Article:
Qualified Iowa preschool teachers in short supply

By Greg Forbes, Associated Press | Posted - Oct. 4, 2014 at 9:01 a.m.


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SIOUX CITY, Iowa (AP) — Sherri Harris, a preschool teacher at Spalding Park Elementary in Sioux City, is going back to school as a student.

Harris, who is in her first year in an integrated preschool room, now has found herself looking at colleges to earn additional certification required of preschool teachers by Iowa code, the Sioux City Journal reported (http://bit.ly/1rPDKIr ).

Preschool teachers in districts participating in the Statewide Voluntary Preschool Program must obtain a bachelor's degree in education and must also have an early childhood endorsement.

Harris said she has to take an additional three classes to earn the endorsement, which will take her about nine months.

The program, established in 2007, provides funding to participating districts to ensure area students have access to early childhood education programs. According to the Iowa Department of Education, 320 of the state's 346 districts were expected to participate in the program this year.

While Harris understands the endorsement is necessary for her career, some educators said the additional requirements — along with a shortage of college opportunities — have caused a bit of a cramp in the number of teachers available.

"We're sitting pretty darn good on preschool teachers," said Lawton-Bronson Elementary Principal Chad Shook. "But the applicant pool is not very deep when it comes to having a combination of early childhood and early childhood/special education endorsements, which is what most schools need."

Rod Earleywine, superintendent with Sergeant Bluff-Luton schools, said the district currently has enough teachers but some concern exists should a position open.

"We were fortunate enough to hire a preschool teacher this year," he said. "But overall, there is a lack of preschool teachers."

In order to fill the gap, teachers are allowed to teach with a provisional endorsement while working to obtain the additional requirement. Sally Hartley, early childhood and special education teacher consultant with the Northwest Area Education Agency, said the provisional license has allowed districts to fill teaching needs.

She said the conditional allowance is also valuable, as prospective teachers don't have many opportunities to receive an early childhood degree while pursuing a four year degree at college. Local community colleges and universities have begun to offer programs for teachers who have achieved an education degree as participation in the Statewide Voluntary Preschool Program increases.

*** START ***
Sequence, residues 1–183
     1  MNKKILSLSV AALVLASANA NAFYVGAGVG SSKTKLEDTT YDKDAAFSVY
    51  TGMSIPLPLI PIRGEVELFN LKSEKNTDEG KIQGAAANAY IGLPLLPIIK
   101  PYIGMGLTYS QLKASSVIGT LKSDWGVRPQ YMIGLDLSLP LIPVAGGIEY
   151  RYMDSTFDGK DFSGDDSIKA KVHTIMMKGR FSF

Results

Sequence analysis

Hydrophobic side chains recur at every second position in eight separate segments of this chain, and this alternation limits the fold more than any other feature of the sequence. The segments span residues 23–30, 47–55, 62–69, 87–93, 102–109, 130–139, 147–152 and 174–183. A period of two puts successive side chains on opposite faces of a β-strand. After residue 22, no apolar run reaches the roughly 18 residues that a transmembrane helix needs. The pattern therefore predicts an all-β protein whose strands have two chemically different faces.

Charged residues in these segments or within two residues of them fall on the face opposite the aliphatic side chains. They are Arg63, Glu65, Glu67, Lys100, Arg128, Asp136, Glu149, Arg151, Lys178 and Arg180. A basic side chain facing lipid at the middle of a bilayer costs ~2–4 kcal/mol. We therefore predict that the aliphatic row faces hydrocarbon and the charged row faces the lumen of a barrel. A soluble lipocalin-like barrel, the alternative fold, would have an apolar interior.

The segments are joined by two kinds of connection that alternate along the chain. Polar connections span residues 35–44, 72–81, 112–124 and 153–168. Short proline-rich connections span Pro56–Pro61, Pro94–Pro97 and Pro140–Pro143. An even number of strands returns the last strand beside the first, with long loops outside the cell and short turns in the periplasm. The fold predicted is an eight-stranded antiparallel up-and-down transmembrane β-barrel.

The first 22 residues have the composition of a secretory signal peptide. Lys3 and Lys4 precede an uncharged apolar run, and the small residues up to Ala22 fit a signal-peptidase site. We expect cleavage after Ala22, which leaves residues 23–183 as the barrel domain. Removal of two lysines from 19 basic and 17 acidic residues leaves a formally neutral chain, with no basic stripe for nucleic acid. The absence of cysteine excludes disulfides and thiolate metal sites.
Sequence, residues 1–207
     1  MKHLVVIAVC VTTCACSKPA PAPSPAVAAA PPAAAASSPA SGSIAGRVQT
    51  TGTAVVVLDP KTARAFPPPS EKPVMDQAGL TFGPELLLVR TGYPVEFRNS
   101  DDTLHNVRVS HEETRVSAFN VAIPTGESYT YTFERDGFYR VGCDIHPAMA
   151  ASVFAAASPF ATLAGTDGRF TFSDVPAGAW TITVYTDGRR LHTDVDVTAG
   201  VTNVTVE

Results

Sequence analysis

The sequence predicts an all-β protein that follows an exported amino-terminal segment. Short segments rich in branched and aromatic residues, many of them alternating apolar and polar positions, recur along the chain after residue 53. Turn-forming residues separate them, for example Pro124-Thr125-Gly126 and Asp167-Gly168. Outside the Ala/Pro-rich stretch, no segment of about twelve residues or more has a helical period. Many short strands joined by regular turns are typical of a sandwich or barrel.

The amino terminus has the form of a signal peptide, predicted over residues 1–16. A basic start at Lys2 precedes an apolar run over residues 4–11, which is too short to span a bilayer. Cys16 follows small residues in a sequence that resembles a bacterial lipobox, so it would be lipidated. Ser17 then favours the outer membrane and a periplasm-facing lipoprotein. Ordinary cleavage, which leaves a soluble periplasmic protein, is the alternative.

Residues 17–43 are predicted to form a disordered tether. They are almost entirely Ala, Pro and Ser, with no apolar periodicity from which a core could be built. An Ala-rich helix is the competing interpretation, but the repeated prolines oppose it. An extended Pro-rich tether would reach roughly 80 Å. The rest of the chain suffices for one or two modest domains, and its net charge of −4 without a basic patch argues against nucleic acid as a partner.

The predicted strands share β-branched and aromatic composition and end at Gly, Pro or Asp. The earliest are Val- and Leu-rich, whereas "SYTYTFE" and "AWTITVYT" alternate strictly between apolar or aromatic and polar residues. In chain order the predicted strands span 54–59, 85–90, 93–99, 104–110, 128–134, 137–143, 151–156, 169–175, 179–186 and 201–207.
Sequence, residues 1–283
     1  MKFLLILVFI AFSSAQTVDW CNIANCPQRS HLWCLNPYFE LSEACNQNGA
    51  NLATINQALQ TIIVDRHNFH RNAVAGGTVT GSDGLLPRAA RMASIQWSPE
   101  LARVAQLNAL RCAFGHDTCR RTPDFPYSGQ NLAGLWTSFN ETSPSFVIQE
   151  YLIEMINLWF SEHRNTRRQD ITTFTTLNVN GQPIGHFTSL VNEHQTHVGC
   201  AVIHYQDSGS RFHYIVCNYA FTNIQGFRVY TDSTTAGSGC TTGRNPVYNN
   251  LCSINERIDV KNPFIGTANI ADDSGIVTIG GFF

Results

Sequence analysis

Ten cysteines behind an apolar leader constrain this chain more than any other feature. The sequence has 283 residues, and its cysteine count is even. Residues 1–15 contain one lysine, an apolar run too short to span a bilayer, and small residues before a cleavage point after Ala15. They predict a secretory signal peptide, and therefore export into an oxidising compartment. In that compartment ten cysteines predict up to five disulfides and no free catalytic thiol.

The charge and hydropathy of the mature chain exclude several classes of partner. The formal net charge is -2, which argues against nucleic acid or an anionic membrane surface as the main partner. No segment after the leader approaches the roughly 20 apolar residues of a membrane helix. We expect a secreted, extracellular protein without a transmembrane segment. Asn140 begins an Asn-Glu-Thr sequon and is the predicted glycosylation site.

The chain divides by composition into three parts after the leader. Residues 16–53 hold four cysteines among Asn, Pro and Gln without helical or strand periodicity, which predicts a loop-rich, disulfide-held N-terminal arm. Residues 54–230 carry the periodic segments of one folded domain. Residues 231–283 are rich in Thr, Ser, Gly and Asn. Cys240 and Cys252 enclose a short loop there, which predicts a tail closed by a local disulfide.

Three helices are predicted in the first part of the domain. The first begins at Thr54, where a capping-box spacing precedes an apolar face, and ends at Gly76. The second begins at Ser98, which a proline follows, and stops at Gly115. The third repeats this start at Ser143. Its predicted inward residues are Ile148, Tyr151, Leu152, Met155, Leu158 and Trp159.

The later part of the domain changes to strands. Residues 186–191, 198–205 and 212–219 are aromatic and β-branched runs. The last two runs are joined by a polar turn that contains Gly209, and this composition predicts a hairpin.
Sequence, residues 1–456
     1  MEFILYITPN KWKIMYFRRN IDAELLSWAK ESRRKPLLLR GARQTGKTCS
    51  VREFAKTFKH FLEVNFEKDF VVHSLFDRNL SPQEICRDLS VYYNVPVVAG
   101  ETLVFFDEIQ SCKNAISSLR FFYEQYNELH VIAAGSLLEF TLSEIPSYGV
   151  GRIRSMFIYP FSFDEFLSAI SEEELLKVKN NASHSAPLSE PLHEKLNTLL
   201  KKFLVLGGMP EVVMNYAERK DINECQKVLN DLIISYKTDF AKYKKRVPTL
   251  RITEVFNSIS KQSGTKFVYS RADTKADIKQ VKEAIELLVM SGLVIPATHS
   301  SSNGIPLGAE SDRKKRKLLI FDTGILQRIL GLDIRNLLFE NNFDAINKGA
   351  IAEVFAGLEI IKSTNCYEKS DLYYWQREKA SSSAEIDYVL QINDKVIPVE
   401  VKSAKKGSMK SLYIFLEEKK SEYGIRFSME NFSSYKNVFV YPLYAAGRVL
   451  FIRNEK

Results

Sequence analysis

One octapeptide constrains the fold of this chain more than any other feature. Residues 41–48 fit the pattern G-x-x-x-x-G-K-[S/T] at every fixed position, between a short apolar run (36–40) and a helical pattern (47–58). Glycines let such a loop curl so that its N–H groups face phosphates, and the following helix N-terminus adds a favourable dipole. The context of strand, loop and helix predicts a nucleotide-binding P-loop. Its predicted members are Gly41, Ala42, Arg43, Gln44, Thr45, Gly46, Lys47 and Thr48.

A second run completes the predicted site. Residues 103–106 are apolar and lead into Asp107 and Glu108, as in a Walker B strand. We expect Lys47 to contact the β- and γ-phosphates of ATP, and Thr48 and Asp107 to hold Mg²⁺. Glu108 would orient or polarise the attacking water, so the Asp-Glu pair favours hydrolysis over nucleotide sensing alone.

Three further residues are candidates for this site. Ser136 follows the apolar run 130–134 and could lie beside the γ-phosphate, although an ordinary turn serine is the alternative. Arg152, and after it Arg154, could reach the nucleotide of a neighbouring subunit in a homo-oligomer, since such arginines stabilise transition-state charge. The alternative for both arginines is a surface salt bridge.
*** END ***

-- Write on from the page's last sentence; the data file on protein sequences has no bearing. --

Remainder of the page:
"I think that early childhood isn't something that every college has because they may have not had the numbers," she said. "But now some colleges are adjusting."

Kim Burrack, head of the Sioux City district's preschool initiative, added that if more colleges offered a four year early childhood degree, more teachers would likely pursue a position at the preschool level.

"With potential preschool teachers, practicum experience may not be available in the area they're interested in pursuing," she said. "If student teaching practicums are in upper grades, not in preschool, that's what they'll pursue as a career."

Hartley said that in order to help teachers attain the additional certification, the AEA, Iowa Department of Education and local colleges will work with them to make sure they are on pace to become fully qualified.

The Department of Education gives teachers in the provision stage two or three years to attain the endorsement. The AEA will monitor classroom activity and offer classes to help with training.

Jocelyn Flattery, concept manager for Building Blocks preschool and child care, said willingness of local and state entities to work with prospective teachers has helped keep an adequate staff for its 72, 4-year-old preschool students.

"Our area is awesome about being proactive so they don't have long to travel," she said.

While the additional certification may pose inconveniences to teachers and districts, educators know it's ultimately a benefit to their institutions.

"Getting that extra training puts in mind the difference between preschool and second-graders," Hartley said. "Preschool children just don't do well sitting and hearing an adult talk, they need to play to understand a purpose. Teachers will have a far better feeling for what their role is."

"I think they are useful," added Laura Collins, a preschool teacher at Lawton-Bronson. "It makes us accountable for what we're doing in preschool. There's a focus on what we want kids to do going into kindergarten."

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Information from: Sioux City Journal, http://www.siouxcityjournal.com

This is an AP Member Exchange shared by the Sioux City Journal

Copyright © The Associated Press. All rights reserved. This material may not be published, broadcast, rewritten or redistributed.

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Greg Forbes

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